“Cubby Holes of Nature”


Artell was born in the small town of Sugar City, Idaho. His father was the Lead Maintenance painter/wall paperer/upholsterer for the Sun Valley Ski Resort. Living just one mile from the resort in Ketchum, the Big Wood River at the base of Baldy Mountain and the great-outdoors was his playground for the first ten years of his life. He and his friends knew every trail, cave and cliff. They knew where the Indians got their flint to make arrowheads and knives. They regularly watched herds of deer and elk grazing.


Times were tough. Artell’s family subsisted on deer, elk, salmon, trout, pheasant, sage hens and rice and potatoes. But he says he would not trade it for the world!


At the age of 10, his family moved to Burley, Idaho where he became a boy scout. “It was right up my alley,” states Artell. Shortly thereafter, he became an Eagle Scout-always hiking, camping, fishing or hunting-enjoying the outdoors and it’s scenery.


In the middle of his high school studies, Artell moved with his family to Palm Springs, California. He learned to love the desert with its variety of colors and plant life. Artell has acknowledged many times to friends and family, “I discovered that the desert has a beauty all its own.” He learned quickly that no matter where you live, there is beauty in all of nature.


After graduating from high school, he moved back to Idaho where he was again hunting, fishing and skiing in the winter. Artell remembers that he joined the ski patrol for a while. “I was in my element again; the forests and rivers (including Yellowstone National Park).”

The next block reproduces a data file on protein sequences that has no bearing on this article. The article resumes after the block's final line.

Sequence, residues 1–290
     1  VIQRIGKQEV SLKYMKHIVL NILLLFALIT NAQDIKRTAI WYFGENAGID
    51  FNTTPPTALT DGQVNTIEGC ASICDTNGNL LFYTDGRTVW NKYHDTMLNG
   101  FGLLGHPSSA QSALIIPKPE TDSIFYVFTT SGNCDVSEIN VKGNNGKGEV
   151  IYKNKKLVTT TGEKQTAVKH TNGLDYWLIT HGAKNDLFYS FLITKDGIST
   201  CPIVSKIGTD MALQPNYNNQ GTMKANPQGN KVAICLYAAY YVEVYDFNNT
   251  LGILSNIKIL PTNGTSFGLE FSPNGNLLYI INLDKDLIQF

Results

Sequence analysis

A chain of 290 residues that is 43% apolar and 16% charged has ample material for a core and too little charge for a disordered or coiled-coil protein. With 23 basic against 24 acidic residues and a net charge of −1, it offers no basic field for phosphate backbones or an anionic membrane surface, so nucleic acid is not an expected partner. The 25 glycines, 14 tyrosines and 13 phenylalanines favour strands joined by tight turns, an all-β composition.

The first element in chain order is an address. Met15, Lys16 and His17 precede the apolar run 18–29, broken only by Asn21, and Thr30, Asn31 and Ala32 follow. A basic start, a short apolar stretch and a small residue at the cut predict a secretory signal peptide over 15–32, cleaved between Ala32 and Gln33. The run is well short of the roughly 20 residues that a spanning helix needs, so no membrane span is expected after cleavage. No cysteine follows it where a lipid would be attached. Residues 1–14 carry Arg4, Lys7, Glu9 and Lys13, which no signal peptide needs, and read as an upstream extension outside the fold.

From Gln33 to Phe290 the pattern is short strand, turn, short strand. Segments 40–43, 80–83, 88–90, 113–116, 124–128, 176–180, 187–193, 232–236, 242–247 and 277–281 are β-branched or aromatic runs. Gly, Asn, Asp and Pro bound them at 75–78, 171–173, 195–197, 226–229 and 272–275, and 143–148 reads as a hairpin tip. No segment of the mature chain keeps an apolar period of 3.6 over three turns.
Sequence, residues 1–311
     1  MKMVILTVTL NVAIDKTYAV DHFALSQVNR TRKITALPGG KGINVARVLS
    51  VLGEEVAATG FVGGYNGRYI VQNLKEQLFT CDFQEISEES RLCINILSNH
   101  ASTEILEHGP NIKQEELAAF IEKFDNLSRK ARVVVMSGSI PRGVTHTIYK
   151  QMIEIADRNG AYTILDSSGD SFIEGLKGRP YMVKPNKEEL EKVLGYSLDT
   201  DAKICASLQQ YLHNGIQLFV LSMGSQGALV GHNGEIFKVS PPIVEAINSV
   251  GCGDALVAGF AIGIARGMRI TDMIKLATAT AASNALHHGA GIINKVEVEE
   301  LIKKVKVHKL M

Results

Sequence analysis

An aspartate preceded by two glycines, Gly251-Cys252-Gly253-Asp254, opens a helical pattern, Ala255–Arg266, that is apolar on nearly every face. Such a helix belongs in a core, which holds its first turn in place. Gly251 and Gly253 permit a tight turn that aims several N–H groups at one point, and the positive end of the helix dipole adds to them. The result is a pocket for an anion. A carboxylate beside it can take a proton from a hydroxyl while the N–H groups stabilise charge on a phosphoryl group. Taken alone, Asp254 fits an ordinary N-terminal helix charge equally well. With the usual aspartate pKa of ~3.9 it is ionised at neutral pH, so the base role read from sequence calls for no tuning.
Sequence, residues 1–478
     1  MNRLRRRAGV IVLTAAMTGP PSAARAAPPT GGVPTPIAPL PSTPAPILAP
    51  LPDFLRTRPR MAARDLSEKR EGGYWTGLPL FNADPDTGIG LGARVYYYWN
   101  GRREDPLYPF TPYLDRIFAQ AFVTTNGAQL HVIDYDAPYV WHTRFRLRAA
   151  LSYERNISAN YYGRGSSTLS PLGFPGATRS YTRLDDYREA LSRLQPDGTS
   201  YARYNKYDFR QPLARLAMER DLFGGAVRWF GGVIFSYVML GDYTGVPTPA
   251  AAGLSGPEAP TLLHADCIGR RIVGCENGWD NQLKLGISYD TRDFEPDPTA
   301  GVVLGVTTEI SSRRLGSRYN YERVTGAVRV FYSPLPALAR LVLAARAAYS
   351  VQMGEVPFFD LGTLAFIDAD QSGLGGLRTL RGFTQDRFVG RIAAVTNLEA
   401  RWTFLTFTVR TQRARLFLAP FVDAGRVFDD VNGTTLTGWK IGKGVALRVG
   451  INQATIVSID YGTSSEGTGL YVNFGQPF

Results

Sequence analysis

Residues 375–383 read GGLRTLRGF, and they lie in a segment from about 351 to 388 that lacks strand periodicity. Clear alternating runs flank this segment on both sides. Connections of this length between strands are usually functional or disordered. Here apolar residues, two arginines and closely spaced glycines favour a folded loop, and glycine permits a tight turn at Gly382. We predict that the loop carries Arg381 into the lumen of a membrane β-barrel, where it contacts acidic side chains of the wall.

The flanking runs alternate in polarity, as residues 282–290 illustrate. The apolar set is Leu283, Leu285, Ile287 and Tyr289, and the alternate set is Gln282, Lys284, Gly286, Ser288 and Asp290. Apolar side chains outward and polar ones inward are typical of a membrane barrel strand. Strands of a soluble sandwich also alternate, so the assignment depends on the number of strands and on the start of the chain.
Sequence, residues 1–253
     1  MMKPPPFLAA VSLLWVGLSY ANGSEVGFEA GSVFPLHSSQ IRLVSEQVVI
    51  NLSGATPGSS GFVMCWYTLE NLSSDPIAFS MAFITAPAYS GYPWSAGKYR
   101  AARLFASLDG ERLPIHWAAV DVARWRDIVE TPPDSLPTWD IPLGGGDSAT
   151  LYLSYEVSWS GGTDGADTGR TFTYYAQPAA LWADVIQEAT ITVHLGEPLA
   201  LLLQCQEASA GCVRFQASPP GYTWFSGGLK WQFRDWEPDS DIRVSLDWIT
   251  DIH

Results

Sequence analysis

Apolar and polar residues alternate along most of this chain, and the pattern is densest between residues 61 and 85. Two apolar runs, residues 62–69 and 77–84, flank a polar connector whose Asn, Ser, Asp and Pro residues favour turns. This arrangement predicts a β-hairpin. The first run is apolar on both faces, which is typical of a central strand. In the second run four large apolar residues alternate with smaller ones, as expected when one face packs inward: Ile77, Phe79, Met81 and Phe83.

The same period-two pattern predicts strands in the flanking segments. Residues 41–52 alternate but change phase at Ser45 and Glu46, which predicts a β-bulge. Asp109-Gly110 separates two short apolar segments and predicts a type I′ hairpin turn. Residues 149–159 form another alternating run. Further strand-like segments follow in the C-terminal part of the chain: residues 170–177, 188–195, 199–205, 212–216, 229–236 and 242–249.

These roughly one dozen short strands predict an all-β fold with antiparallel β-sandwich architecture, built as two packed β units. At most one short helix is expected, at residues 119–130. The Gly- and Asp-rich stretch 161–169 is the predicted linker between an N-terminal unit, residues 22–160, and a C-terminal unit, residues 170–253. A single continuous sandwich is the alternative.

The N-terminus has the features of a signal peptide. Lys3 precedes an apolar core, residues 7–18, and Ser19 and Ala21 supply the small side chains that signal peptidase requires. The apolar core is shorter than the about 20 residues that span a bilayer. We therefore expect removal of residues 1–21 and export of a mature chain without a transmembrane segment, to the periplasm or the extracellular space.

Following his marriage, he moved his family to Southern California to begin a lifetime career as a General Contractor. He and a construction buddy decided to take a community art class just for fun. Artell affirms, “I always seemed to be able to draw anything that I could see, always being able to see size, color and/or depth.” We purchased all the supplies necessary for the class: oil paint, brushes and canvases. Living close to a retirement community, they arrived for the first class only to find the teacher was 85 years old and the 38 other students were women over the age of 65. He laughs when he recalls, “We never got the chance to even meet the teacher! But we did finish the class.”


Still having all the supplies necessary, he began to paint on his own. Over the years Mr. Harris took classes from artists whom he admired for their styles, mostly oil paints and some water colors. One of the artists was Kolan Peterson who became a good friend and mentor. Harris states, “I chose to stay with oil paints mainly because I like detail in my paintings.”